The Roots of Conflict and Unrest in Afghanistan

Mohd Khalid Naseemi, M.S.


For almost four decades, Afghanistan has been engulfed in conflict and terrorism due primarily to extremism and insurgency. The question most often asked is why terrorism and violence are escalating and why Afghanistan policies are not succeeding after 16 years of democracy.

The first reason is the structure of the Afghanistan government itself, which is plagued by corruption, ethnic division, and brutal power-sharing dynamics that undermine the government’s ability to provide national security. In addition, the country suffers from high unemployment and inflation rates. But despite these challenges, there have been impressive achievements, including new government institutions, a revolution in administrative processes, and advances in human rights. Most important has been the rise of free speech and the power of the media to hold government accountable for its actions and promises. Therefore, the first approach to tackling terrorism should be to build on these accomplishments by strengthening cooperation, bringing transparency, making the government more accountable, and promoting greater unity.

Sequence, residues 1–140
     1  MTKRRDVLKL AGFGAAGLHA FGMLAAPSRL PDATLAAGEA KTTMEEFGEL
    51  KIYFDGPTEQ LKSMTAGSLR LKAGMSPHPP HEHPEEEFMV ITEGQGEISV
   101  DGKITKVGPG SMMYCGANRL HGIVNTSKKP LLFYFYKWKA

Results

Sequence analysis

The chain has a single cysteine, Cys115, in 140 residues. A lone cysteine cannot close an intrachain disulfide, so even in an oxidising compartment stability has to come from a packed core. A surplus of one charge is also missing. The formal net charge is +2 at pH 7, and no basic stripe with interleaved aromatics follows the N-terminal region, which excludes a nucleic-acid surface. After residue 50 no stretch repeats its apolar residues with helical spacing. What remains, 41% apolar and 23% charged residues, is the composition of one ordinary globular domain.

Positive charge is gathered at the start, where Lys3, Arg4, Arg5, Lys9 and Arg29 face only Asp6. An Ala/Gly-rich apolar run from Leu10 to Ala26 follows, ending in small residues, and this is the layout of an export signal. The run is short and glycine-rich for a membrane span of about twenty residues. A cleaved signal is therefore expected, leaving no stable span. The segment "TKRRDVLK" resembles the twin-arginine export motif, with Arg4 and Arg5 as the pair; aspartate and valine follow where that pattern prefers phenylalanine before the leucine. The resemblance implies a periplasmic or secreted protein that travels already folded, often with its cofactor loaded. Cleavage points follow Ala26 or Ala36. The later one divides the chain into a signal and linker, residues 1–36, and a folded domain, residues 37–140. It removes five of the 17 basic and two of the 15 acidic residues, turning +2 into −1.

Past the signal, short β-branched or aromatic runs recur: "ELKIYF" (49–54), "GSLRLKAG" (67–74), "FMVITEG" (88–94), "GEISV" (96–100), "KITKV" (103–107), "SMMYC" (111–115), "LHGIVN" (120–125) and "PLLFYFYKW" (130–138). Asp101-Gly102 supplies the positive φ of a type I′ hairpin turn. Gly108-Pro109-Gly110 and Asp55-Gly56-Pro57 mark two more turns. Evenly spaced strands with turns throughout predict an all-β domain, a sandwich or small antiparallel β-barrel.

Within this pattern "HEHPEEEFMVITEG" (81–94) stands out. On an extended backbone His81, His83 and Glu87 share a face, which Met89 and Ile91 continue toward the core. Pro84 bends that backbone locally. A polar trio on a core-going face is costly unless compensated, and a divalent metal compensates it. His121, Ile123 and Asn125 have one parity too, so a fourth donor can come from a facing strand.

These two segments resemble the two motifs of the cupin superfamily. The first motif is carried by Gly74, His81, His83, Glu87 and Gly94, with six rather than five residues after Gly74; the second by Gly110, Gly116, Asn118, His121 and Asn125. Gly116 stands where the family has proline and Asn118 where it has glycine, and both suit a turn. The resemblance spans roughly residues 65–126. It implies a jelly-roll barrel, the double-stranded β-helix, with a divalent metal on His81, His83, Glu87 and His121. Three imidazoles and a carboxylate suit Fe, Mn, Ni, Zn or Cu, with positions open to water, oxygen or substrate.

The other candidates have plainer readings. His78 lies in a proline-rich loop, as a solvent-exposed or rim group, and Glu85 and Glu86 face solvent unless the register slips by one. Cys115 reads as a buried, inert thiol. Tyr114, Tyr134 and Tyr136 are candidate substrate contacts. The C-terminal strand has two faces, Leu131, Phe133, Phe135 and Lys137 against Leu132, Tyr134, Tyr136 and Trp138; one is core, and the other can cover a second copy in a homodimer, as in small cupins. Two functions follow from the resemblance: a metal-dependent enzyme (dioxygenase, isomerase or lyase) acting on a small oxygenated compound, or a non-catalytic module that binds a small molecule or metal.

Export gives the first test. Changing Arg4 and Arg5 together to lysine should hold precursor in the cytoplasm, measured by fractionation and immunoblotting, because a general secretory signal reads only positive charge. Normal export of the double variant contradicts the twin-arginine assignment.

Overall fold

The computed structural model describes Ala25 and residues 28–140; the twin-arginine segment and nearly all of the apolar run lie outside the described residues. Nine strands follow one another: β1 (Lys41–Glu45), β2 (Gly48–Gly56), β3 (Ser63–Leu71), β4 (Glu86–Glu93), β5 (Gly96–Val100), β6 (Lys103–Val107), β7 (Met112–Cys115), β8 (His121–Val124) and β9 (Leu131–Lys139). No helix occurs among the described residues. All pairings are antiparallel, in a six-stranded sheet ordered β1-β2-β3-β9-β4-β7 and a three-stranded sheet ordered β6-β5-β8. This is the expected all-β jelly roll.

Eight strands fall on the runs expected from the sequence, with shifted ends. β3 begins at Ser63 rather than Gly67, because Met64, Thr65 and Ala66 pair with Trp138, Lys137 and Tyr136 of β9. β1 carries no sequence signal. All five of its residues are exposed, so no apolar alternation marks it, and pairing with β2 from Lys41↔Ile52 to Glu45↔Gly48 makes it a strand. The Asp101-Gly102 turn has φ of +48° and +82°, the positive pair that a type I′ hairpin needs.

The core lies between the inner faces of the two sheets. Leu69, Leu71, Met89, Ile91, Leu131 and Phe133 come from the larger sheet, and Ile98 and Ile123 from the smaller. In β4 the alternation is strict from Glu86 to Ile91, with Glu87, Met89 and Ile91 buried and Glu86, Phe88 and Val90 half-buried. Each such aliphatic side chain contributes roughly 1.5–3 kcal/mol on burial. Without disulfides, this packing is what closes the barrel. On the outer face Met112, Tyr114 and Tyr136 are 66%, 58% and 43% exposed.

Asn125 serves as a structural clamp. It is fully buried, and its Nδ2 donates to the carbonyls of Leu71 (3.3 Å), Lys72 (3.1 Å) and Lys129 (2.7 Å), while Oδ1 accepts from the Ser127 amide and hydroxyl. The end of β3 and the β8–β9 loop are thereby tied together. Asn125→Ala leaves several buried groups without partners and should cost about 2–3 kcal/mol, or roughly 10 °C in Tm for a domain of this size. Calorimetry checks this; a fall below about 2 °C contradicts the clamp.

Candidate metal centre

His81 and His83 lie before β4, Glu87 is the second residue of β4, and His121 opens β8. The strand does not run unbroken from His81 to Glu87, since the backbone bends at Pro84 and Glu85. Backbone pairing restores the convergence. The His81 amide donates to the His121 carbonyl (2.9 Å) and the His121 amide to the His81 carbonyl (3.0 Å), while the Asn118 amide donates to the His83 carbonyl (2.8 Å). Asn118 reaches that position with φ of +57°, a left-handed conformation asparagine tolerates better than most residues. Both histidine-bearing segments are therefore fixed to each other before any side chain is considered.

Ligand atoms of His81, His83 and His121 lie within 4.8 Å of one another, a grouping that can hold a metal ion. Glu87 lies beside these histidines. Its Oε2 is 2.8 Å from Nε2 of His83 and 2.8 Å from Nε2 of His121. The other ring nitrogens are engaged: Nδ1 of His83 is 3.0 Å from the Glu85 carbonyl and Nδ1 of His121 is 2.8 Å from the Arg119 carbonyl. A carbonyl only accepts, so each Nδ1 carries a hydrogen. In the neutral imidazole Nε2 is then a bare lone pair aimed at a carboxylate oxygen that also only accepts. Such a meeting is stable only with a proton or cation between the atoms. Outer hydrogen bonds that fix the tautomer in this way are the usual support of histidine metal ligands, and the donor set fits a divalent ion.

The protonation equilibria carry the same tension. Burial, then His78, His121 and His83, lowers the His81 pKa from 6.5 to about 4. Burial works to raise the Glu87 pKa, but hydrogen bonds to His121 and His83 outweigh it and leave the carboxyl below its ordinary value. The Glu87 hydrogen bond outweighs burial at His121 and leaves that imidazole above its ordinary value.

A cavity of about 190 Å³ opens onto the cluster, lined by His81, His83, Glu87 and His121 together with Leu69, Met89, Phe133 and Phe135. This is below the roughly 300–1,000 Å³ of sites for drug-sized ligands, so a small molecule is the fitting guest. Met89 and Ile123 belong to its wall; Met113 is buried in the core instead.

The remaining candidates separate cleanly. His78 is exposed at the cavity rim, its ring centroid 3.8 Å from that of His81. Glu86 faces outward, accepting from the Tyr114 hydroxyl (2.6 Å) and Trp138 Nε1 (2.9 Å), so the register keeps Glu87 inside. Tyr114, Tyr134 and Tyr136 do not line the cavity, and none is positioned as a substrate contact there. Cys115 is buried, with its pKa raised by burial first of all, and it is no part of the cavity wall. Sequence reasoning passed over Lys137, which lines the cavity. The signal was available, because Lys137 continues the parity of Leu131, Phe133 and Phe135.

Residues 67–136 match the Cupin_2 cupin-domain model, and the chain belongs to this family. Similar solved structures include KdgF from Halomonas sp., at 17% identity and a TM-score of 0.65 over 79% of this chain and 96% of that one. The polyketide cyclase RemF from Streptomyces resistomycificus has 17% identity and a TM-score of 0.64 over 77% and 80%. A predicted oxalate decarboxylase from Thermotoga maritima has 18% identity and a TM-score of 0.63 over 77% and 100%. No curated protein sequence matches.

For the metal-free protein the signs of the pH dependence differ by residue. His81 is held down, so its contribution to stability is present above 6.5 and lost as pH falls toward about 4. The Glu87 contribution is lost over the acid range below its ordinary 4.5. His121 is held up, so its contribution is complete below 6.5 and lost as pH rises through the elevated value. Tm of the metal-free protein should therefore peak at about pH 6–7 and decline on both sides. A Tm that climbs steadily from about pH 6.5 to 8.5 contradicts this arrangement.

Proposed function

The second reason lies with the nature of terrorism and insurgency. Terrorist groups clearly have sanctuaries and finance resources outside the country, and sadly terrorism is used as state foreign policy and receives support from other countries in the region. Afghanistan is not the root and cause of terrorism but is more like a battleground for a much wider problem. In order to achieve any kind of solution to these phenomena, both regional and global cooperation is required.

This is why I believe that participation in global summits and discussions, like today’s Science and Peace conference in Kiev, is key to raising awareness and bringing about the global and regional cooperation essential to achieving long-lasting peace.

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